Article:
In some embodiments, the consumer profiling data can be assembled into one or more data packages such that recipient access to the data in the package is in accordance with the consumer's preferences. For example, the consumer may define rules that limit access to the provided data, such as prohibiting or limiting subsequent transfer of the data and/or providing for the data to expire at a given time. The data package may be assembled using any suitable manner that ensures that the consumer's rules, restrictions, or other parameters are followed. For instance, in some embodiments, the profiling data is assembled into a package that conforms to one or more digital rights management (DRM) schemes, with the consumer in the role of the rights holder.
A method of providing information about a consumer can include interfacing with at least one outside source and receiving data regarding a consumer. In some embodiments, the data can comprise financial data, and may come from sources such as bank and credit-card statements, purchase records, bills, and the like. However, data may be obtained from any suitable source(s) regardless of the type or format of data. The method can further comprise maintaining a data store using one or more computer-readable media associated with the consumer, and the data store can comprise one or more consumer-managed data records. The method can further include selecting at least one record and choosing one or more data items included in the selected record(s) and providing a recipient with access to consumer profiling data that includes the chosen data item(s). For instance, in some embodiments, based on the received data, at least one financial record can be stored in one or more computer-readable media associated with the consumer. Then, one or more of the consumer's financial records may be accessed, and one or more data items contained therein can be selected and included in consumer profiling data transmitted to at least one recipient. Selecting, choosing, and providing can be based on one or more parameters specified by the consumer.
In some embodiments, one or more of the steps comprising the method can be performed by a software agent (or agents) running on one or more computing devices associated with the consumer. Additionally, in some embodiments, the method can include receiving a request from the at least one recipient, with at least selecting, choosing, and providing being performed in response to the request.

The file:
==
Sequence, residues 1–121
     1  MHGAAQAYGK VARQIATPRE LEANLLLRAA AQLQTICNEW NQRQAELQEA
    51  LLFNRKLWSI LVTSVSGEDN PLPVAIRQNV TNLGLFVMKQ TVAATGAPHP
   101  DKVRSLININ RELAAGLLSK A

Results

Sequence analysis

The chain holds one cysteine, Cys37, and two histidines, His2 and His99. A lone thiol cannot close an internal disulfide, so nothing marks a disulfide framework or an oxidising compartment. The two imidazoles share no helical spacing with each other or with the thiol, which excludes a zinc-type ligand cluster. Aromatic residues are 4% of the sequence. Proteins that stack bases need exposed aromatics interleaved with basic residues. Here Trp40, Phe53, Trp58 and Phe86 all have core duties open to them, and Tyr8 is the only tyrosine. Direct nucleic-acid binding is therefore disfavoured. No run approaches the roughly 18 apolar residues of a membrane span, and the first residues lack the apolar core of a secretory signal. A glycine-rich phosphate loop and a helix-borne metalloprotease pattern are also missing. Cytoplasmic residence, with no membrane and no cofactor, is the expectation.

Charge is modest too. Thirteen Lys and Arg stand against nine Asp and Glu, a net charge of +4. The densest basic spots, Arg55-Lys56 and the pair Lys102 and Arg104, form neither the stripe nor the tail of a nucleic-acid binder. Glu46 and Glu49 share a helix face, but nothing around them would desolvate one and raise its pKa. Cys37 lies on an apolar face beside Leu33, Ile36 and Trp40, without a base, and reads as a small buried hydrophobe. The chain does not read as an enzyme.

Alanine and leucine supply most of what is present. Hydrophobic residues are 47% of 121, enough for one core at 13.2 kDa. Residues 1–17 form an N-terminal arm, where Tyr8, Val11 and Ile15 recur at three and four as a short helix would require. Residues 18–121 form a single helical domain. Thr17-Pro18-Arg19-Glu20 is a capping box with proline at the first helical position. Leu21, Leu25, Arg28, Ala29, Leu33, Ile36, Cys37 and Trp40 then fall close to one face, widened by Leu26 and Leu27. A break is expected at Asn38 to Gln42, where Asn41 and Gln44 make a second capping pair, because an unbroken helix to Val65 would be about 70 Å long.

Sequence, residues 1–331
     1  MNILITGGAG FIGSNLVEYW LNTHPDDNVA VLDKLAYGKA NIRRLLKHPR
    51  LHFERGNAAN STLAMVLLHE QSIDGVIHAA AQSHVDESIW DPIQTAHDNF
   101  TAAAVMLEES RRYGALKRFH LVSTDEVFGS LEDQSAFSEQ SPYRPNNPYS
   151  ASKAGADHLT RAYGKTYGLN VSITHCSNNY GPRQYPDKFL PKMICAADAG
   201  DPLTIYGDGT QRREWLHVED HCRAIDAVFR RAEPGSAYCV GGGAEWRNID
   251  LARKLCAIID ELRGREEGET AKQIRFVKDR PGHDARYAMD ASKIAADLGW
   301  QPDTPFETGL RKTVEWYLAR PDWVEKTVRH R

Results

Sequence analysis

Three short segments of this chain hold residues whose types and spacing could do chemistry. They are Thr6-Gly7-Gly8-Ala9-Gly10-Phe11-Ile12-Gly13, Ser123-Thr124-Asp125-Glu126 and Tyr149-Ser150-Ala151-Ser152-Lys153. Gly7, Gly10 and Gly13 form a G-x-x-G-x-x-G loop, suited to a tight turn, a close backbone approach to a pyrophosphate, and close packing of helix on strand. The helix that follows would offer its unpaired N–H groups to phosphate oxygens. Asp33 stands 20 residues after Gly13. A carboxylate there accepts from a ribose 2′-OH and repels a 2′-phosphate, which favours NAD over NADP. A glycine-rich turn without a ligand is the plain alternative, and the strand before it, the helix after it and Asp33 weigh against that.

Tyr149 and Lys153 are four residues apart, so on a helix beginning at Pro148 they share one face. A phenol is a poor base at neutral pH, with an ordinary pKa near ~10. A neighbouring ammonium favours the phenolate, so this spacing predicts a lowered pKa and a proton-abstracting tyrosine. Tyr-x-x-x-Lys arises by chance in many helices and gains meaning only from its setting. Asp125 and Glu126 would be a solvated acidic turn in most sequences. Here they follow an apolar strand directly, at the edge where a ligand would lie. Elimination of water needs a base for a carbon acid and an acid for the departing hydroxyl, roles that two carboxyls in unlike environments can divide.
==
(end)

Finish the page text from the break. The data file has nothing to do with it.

The various entities shown in
In any event, the various entities 20, 22, 24, 26, 30, and 32 each generate data regarding interactions with consumer 10. Consumer 10 may receive at least some of that data using any suitable computing device(s) 12, for example, to receive online bills, statements, and the like. For example, bank 20 may provide a monthly statement to consumer 10 as one or more structured documents. Similarly, bills from card issuer 22, bill provider 26, and cable company 32 may be sent as structured documents. Consumer 10 may use computing device 12 to access such bills.
Computing device 12 may represent a desktop, laptop, portable, server, or other computer. However, computing device 12 may represent any other type of computing device with access to store 14, such as a personal digital assistant (PDA), cellular telephone, a smart card, a home appliance, or a television set-top-box (STB). Computing device 12 may represent multiple devices working in combination to provide data sourcing functionality. For example, as discussed below, in some embodiments, consumer 10 may utilize a desktop, laptop, or other computer to maintain financial records while using a set-top box to define terms and conditions regarding release of certain portions of the financial records. Computing device(s) 12 may have direct access to store 14 and/or may access a copy of data from store 14 (or a subset thereof).